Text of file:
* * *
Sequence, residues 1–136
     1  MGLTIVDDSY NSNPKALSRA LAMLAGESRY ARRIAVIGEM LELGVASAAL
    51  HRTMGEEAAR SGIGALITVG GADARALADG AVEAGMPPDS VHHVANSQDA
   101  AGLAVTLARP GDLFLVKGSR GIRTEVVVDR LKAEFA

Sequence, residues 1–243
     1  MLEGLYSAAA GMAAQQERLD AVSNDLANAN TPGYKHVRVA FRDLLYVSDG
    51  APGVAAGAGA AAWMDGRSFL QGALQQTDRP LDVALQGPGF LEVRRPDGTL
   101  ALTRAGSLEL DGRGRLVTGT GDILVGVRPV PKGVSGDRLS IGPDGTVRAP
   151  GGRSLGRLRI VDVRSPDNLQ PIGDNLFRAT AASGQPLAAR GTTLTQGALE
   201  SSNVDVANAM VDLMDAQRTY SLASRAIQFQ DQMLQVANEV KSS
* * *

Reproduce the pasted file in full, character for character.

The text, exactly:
Sequence, residues 1–136
     1  MGLTIVDDSY NSNPKALSRA LAMLAGESRY ARRIAVIGEM LELGVASAAL
    51  HRTMGEEAAR SGIGALITVG GADARALADG AVEAGMPPDS VHHVANSQDA
   101  AGLAVTLARP GDLFLVKGSR GIRTEVVVDR LKAEFA

Sequence, residues 1–243
     1  MLEGLYSAAA GMAAQQERLD AVSNDLANAN TPGYKHVRVA FRDLLYVSDG
    51  APGVAAGAGA AAWMDGRSFL QGALQQTDRP LDVALQGPGF LEVRRPDGTL
   101  ALTRAGSLEL DGRGRLVTGT GDILVGVRPV PKGVSGDRLS IGPDGTVRAP
   151  GGRSLGRLRI VDVRSPDNLQ PIGDNLFRAT AASGQPLAAR GTTLTQGALE
   201  SSNVDVANAM VDLMDAQRTY SLASRAIQFQ DQMLQVANEV KSS